US-Korea summit: Joe Biden's 'American Pie' won't include stationing nuclear weapons on the peninsula

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The rendition of Don McLean’s classic pop song American Pie by Yoon Suk Yeol may have dominated the headlines as the South Korean president enjoyed dinner at the White House with Joe Biden – Yoon is, reportedly, a devotee of “noraebang”, Korean karaoke. But the frivolity of the moment was a break from the deadly serious purpose of his six-day visit to the US: how to combat the growing regional threat from China and North Korea.

The key takeaway from the visit was what has been dubbed the “Washington Declaration” aimed at bolstering the two countries’ defence alliance in the region.

It is clear from the latest assessment released by the US Office of the Director of National Intelligence that the threat from China and North Korea is seen as critical. The report highlights China’s increasing foreign policy assertiveness and its growing military power. It concludes that: “China is reorienting its nuclear posture for strategic rivalry with the United States because its leaders have concluded that their current capabilities are insufficient.”

The report also forecasts that this year China will increase pressure on Taiwan and ramp up its military presence in the South China Sea.

On North Korea, the report says Pyongyang is “using its nuclear-capable missile programme to try to establish strategic dominance over South Korea and US forces in the region”.

In Seoul, meanwhile, the South Korean political elite is particularly concerned at North Korea’s aggressive posturing on its nuclear ambitions and believes Pyongyang is getting closer to a genuine intercontinental ballistic missile (ICBM) capability. This would threaten the continental US and reduces the credibility of Washington’s doctrine of extended deterrence. This holds that Washington’s commitment to use – if necessary – its nuclear arsenal to deter North Korea from attacking the South means that Seoul has no need for its own nuclear capability.

In January Yoon told South Korean newspaper Chosun Ilbo that he feared that the status quo of extended deterrence was no longer sufficient. He said:

What we call extended deterrence was also the US telling us not to worry because it will take care of everything, but now, it’s difficult to convince our people with just that. The US government also understands that to some degree.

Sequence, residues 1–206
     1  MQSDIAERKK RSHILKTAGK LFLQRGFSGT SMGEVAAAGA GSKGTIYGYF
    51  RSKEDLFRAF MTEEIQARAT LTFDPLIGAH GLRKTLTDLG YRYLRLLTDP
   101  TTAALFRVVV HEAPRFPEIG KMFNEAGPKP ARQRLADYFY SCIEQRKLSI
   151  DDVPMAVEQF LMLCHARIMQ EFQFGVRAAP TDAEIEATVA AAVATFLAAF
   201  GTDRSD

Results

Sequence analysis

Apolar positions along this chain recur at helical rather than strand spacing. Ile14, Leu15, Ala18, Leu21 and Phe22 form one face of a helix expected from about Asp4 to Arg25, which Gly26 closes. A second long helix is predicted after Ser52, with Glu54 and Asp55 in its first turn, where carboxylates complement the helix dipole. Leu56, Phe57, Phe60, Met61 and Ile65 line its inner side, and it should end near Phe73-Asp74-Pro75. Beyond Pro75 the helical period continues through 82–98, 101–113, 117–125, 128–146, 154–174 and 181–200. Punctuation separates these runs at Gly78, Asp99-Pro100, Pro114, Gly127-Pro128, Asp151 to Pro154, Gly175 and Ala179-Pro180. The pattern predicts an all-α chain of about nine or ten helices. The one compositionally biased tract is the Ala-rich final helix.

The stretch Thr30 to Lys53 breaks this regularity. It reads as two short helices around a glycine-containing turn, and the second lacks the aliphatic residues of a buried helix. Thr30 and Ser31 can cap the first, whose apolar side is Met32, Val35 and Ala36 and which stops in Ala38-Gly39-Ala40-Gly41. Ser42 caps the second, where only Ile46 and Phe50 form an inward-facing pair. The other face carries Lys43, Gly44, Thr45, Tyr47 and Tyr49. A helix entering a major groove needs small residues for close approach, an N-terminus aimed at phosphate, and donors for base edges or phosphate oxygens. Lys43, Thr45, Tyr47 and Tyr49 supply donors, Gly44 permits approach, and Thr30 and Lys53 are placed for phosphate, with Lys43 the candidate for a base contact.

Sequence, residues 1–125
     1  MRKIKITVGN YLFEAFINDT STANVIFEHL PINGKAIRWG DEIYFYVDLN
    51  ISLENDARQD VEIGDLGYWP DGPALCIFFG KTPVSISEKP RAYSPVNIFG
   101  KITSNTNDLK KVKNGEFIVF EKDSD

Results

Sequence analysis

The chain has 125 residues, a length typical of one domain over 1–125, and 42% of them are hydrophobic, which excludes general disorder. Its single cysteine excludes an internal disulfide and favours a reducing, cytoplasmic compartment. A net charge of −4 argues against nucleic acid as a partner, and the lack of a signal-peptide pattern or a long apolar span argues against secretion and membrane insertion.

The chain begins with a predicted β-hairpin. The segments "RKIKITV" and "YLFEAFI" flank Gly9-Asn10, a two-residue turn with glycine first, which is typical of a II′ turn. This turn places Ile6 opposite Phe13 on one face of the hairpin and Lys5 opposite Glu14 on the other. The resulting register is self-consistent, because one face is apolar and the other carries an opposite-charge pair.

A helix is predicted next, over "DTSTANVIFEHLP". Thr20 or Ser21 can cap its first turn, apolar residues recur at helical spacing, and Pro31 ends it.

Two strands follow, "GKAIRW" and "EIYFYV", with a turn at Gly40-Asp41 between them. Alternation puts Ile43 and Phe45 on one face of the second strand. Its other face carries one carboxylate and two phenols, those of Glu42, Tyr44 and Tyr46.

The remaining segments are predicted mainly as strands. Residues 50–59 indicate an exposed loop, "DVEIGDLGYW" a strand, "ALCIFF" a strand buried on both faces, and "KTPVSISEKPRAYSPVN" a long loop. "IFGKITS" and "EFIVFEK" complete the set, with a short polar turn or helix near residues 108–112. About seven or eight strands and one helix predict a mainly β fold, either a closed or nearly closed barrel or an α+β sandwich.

The Washington Declaration aims to address this. Biden and Yoon agreed on a range of measures to enhance nuclear deterrence on the Korean peninsula. These include the establishment of a Nuclear Consultative Group (NCG) to help “plan for nuclear contingencies and cooperate on the Alliance’s approach to nuclear deterrence”.

But, while committing to consultation over “any possible nuclear weapons employment on the Korean Peninsula” the US retains the sole right to decide on the use of nuclear weapons under all circumstances.

In July 2022, Seoul set up a “strategic command” that controls a so-called “precision strike” system for responding to attacks to North Korea. This will now be integrated with the US-ROK Combined Forces Command (CFC). The new agreement also sets out that the two countries will engage in “joint execution and planning for ROK conventional support to US nuclear operations … on the Korean Peninsula”.

This goes at least some way towards the “joint nuclear exercises” that Yoon called for at the time of their first summit in May 2022.

More visible US presence on peninsula

An issue raised in public discourse by politicians and experts prior to the summit was the idea of Washington deploying nuclear weapons on the Korean peninsula – something that would mitigate the need for Seoul to develop its own nuclear deterrent. Under the heading: “More visible US strategic asset deployment”, the new agreement commits to “enhancing the deployment of US strategic assets in and around the Korean Peninsula, in particular US nuclear-capable platforms”.

The words “more visible” are significant here because normally the location and deployment of sea-based nuclear deterrents is kept strictly secret. Biden clarified this in a joint press conference, saying: “we’re not going to be stationing nuclear weapons on – on the peninsula, but we will have visits to – port visits of nuclear submarines and things like that. We are not walking away from that”.

Yoon told reporters at the press conference that he and Biden agreed that the response to a nuclear attack from North Korea would involve the use of “full force of the alliance including the United States’ nuclear weapons. But Biden stopped short of a public commitment to this, instead declaring that "a nuclear attack by North Korea against the United States or its allies or partisans … is unacceptable and will result in the end of whatever regime, were it to take such an action”.

This was a big success for Yoon’s administration. In terms of nuclear consultation, joint exercises, strategic planning and command, he secured about as much as he could have expected from any US president. Whether this will be enough to placate those in South Korea who want a homegrown nuclear capability remains to be seen and will very much depend on what North Korea does next. In spite of the close relationship between Washington and Seoul, engagement on security issues with North Korea remains an urgent priority.

This article is republished from The Conversation under a Creative Commons license. Read the original article.

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Christoph Bluth received funding from the Korea Foundation.